Background: Chronic idiopathic constipation (CIC) is a common gastrointestinal disorder in community settings. Limited information exists on its treatment with the prosecretory agents linaclotide and lubiprostone. This retrospective cohort study investigated real-world pharmacotherapy patterns of linaclotide and lubiprostone.
Methods: Patients (≥18 years) with CIC who received linaclotide or lubiprostone between January 2013 and December 2015 were identified in a United States health insurance claims database. Follow-up was from the date of the earliest claim for either drug to the end of continuous enrolment or switch to the alternative agent. Patterns of pharmacotherapy, evidence of irritable bowel syndrome (IBS), and concomitant use of selective serotonin reuptake inhibitors were examined using the International Classification of Diseases, Ninth or Tenth Revision, Clinical Modification codes and National Drug Codes.
Results: In total, 43,164 and 17,743 patients with CIC received linaclotide and lubiprostone, respectively (~80% women, mean age ~47 years). Approximately 40% of subjects (linaclotide: 40.1%; lubiprostone: 37.6%) had evidence of IBS. Over a mean follow-up of 17 months, mean (standard deviation) treatment duration in patients without IBS was 6.6 (7.9) months for linaclotide and 4.5 (6.5) months for lubiprostone. Treatment episodes >180 days were more common with linaclotide (36.1%) than with lubiprostone (23.2%). At 12 months, Kaplan–Meier estimates of switching from lubiprostone to linaclotide and from linaclotide to lubiprostone were 13.4 and 5.6%, respectively. The number of patients receiving serotonin reuptake inhibitors was unchanged with treatment (~22%).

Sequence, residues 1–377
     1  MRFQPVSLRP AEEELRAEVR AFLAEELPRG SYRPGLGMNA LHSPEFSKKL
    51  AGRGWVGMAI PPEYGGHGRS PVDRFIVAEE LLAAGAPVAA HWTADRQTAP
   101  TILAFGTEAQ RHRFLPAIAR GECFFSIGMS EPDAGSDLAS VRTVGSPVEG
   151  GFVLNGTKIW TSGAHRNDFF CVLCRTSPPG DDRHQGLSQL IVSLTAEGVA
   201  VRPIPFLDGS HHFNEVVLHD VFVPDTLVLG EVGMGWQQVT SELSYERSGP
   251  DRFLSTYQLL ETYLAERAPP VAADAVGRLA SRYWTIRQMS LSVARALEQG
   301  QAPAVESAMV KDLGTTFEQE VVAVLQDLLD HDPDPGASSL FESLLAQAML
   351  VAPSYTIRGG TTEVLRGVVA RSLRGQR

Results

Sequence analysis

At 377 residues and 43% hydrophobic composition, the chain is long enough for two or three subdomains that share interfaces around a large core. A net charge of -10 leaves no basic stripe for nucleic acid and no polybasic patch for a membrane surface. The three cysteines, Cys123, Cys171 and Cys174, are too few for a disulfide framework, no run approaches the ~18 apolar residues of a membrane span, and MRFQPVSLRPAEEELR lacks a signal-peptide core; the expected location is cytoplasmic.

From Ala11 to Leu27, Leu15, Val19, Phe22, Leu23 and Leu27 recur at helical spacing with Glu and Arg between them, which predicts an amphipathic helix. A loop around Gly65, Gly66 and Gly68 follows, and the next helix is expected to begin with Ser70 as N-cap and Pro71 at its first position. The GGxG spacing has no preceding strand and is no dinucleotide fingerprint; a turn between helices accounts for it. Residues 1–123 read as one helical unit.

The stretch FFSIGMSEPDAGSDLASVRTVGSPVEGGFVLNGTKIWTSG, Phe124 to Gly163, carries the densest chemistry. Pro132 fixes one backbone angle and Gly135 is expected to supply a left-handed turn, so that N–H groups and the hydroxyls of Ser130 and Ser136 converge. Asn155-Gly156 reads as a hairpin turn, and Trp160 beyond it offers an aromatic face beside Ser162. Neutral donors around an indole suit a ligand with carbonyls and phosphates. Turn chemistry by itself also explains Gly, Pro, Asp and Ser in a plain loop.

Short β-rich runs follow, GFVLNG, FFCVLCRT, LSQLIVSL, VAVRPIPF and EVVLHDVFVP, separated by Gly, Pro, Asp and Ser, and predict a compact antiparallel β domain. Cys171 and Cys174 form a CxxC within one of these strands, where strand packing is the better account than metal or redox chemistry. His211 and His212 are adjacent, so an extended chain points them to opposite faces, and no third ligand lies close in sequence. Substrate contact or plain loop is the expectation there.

Conclusions: Most patients with CIC receive linaclotide or lubiprostone for <6 months; few remain on therapy for >1 year. Additional research is warranted to understand the potential reason(s) for early discontinuation.